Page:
The film follows the deaths of three single white middle-aged men in 2001....The inurement and occasional humor displayed by the people who clean up after the dead bodies, sift through their belongings, research their lives, and try to find next of kin, is to be expected in government work (as I was once a civil servant), where the roteness of civil servitude even less interesting than this often holds sway, but especially when one has to deal with about 2000 such cases a year. And when we see the bodies- naked, emotionless, with welts, bruises, or partly rotted and decomposed portions of their forms (these stiffs are called `decomps' in the parlance), inurement seems a wholly reasonable approach one should take to such tasks, such as slinging the dead by their four limbs, like a shot deer (something I recall watching my own dead dad's body enduring)....
The utter lack of staginess and pretense makes this film invaluable, as both a research tool and a warning to those who have disconnected from life. The soundlessness as people do their jobs simply listing the contents of a life that is done is sad, yet not depressing. The only intervention of music in the film comes in a brief moment as an ice cream truck passes by during filming, and at the credit sequence that ends the film. Greensleeves is played, and its musical singularity only multiplies its emotional impact, especially since the film ends near Christmas, signifying it connects to the Resurrection of Christ sung of in the Greensleeves inspired song What Child Is This?....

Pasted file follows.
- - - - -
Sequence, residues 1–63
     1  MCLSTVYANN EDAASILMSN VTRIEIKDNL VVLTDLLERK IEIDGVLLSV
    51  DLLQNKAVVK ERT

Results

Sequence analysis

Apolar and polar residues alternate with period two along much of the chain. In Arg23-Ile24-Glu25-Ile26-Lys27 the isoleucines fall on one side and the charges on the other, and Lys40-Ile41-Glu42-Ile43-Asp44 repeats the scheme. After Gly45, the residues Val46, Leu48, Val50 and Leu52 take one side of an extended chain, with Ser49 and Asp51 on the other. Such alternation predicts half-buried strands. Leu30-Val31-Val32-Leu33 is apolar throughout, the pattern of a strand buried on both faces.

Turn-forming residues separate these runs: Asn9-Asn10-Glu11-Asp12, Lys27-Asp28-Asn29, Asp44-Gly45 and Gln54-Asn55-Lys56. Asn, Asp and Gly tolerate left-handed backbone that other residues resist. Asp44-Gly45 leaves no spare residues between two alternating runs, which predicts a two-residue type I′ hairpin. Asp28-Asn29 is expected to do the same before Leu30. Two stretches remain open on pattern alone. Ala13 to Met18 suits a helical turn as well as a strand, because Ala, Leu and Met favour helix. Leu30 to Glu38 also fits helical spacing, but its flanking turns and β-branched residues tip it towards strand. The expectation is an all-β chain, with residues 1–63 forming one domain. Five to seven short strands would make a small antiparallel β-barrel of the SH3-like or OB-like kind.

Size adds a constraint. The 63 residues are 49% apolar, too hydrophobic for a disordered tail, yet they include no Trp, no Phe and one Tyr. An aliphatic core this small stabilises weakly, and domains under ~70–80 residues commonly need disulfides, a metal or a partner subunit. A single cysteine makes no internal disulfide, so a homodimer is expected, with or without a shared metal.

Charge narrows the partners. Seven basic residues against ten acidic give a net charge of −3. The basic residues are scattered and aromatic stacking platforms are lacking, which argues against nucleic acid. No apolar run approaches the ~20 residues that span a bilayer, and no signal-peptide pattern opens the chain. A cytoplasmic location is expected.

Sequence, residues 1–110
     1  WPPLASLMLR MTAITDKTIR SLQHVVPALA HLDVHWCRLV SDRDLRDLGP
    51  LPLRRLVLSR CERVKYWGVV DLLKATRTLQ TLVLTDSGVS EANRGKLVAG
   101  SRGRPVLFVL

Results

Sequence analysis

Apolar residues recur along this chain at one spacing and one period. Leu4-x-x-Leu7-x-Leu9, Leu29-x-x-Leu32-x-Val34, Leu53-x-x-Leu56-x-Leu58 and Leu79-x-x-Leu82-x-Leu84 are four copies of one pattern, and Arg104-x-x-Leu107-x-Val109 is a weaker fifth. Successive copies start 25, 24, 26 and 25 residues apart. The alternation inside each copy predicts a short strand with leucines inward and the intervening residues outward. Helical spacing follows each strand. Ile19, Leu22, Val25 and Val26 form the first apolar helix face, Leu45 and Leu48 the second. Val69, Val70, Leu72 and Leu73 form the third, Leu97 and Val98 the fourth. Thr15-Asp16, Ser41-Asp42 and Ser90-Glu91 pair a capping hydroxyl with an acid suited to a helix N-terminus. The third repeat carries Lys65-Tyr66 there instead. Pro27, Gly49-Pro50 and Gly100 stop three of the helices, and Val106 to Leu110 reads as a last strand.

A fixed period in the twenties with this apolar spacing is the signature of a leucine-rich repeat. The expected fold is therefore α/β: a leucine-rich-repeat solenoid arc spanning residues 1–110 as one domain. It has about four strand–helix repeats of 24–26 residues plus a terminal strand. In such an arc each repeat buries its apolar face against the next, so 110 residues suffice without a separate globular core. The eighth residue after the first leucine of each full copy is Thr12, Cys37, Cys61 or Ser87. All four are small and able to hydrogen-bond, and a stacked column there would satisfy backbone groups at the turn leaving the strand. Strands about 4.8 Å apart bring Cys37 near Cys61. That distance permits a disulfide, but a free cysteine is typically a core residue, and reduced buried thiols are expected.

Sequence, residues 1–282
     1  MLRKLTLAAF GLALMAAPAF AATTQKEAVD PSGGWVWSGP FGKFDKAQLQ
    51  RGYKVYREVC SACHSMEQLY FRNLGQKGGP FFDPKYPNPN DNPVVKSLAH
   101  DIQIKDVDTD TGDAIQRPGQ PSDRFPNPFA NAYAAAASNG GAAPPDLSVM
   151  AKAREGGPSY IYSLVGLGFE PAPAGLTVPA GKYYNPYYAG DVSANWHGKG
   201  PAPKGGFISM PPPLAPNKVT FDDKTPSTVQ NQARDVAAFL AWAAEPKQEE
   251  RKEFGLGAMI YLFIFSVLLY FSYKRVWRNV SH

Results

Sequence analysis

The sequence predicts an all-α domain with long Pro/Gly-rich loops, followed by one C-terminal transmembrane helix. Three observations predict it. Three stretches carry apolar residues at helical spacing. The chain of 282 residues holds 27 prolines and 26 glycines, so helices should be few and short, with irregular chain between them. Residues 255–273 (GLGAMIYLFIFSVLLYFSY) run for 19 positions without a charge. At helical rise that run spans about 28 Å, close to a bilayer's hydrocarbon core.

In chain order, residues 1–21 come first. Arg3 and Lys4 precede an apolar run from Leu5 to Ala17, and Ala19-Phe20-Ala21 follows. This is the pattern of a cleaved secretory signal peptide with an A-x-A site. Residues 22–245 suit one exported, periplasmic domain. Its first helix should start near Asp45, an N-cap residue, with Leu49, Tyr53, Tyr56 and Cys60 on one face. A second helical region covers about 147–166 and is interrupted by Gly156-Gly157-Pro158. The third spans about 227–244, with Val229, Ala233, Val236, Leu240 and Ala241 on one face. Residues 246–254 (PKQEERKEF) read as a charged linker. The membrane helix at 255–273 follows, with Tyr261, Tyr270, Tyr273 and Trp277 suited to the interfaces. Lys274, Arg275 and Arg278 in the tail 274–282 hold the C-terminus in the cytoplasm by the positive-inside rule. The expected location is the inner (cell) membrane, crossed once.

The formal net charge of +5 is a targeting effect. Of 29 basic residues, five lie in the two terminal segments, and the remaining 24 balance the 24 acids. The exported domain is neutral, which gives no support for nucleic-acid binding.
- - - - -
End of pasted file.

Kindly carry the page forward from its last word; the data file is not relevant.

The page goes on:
Yet, A Certain Kind Of Death's value and filmic greatness comes also from restraint- in not going on too long, in not manipulating reality nor the viewer's emotions, and by letting images sink in. Often something interesting or shocking is followed by a several second long `black screen.' For all the countless deaths shown on film in the century plus the medium has existed, none have ever been this realistic, for these deaths are real. Real people die, and are forgotten. The end. Or not, due to this film....
This film is an invaluable document of not only a certain time in American history, but these certain people's lives and deaths, as well as those of the county workers who bandy about terms like dispo, decomp, drayage, and harvesting. That it also comments mightily on the living- such as the fact that all the most menial tasks of destroying and burying remains falls to black and Latino workers, makes this film even more valuable. It's no wonder this film won a Special Jury Prize at the 2003 Sundance Film Festival. It is gritty yet poetic, and reinforced by its blackout moments, it forces cogitation upon the viewer, then, upon resumption, shuttles them along. The irony implicit in the film is that the very thing that made these three dead men perfect subjects for the film- their utter disconnect from the rest of humanity, and the genericness of their lives and deaths, is the very thing that assures that they will always be known, at least by documentary film buffs. That this says more of the living than the dead is precisely why A Certain Kind Of Death, with its Joe Friday `Just the facts!' approach is a great documentary, and should be viewed and appreciated for many years to come.